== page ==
For-profit hospital companies must weather looming threats of market disruption, regulatory changes and technological advancements that may change where patients get care in 2018, analysts say.
In its 2018 outlook, Fitch Ratings said for-profit companies, including hospitals, are prime targets for competition from companies like Amazon, which could exploit inefficiencies that keep hospital care expensive.
"One of the points we really want to articulate is that we're seeing these little inroads for disruption across the industry," said Britton Costa, Fitch's senior director for healthcare & REITs.
That disruption wouldn't look the same as it did in retail, which is much more fragmented than healthcare. If Amazon were to enter the pharmaceutical distribution market, as has been rumored, it would compete with large pharmaceutical distributors.
Overall, Costa said a would-be disruptor would need to have the money to build up infrastructure and meet regulatory requirements, but that the barriers are not insurmountable.
Rich Bajner, managing director for Navigant, said he thinks hospitals of all stripes should focus more attention on a combination of more near-term challenges, including a payer mix that continues to shift away from commercial and toward government payers.
Hospitals also need to strengthen their revenue cycles as more patients buy high deductible health plans.
Hospitals are seeing a "rapid deterioration" in surgical volumes as well, as more procedures are performed in ambulatory surgery centers, Bajner said. That's due to both regulatory changes like Medicare covering more outpatient services and new technologies that allow for less invasive procedures. In the end, hospitals are left with lower margin patients compared with surgical patients.
"That's hurting our clients pretty significantly," Bajner said.
The industry also must contend with the continued focus on affordability. Big data and analytics permit price transparency and let consumers shop around, Fitch noted in its report.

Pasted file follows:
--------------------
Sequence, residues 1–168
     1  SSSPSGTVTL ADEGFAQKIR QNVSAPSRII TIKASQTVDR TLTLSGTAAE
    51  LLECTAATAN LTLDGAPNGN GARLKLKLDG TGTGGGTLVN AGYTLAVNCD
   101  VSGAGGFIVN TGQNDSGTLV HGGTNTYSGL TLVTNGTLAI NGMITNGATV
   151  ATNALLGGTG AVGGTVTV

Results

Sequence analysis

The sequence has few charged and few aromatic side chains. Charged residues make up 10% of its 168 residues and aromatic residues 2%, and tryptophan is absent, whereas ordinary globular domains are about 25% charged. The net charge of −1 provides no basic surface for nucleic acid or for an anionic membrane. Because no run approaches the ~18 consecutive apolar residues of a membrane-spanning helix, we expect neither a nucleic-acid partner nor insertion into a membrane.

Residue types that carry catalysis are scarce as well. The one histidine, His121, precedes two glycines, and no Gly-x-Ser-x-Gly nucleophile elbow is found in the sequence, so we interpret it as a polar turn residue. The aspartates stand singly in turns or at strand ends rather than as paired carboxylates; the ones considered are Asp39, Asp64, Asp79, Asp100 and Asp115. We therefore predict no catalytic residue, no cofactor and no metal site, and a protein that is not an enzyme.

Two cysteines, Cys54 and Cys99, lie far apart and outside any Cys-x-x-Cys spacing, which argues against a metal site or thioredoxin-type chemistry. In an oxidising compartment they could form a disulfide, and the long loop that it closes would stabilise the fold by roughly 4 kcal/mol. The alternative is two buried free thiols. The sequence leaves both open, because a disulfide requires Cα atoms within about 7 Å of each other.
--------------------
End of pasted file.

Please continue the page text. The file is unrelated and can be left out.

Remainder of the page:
Fitch says the companies best positioned to defend profitability in 2018 will be those that show innovative depth or commoditized breadth, such as a pharmaceutical firm focused on a handful of therapies or a healthcare provider that can successfully establish a continuum of care within a certain market. Several national companies have invested in scale and found it doesn't pay off, Bajner said. That usually happens because they're not able to develop relevance in each of their local markets.
"As a national player, you need to be able to build a business model that respects the 'healthcare is local' dynamic while being able to turn scale into a competitive advantage by having a more efficient, effective corporate services vehicle to serve your local market," he said.
There's also the question of whether Congress will approve a tax reform bill that would reduce Medicare spending levels in the coming years.
But Rick Gundling, senior vice president for the Healthcare Financial Management Association, said hospitals have adapted to uncertainty.
"I think this uncertain environment is really the environment," he said.
That sounds like a lot of bad news, but overall, Fitch predicts for-profit healthcare will remain stable in 2018, with aggregate revenue growth of 4% and aggregate cash flow of $135.3 billion.
Despite the numerous cautions, Costa said he sees solid, long-term demand on the horizon.
"Ultimately there is still a core role for the hospital in terms of a continuum of care," he said.
An edited version of this story can also be found in Modern Healthcare's Dec. 4 print edition.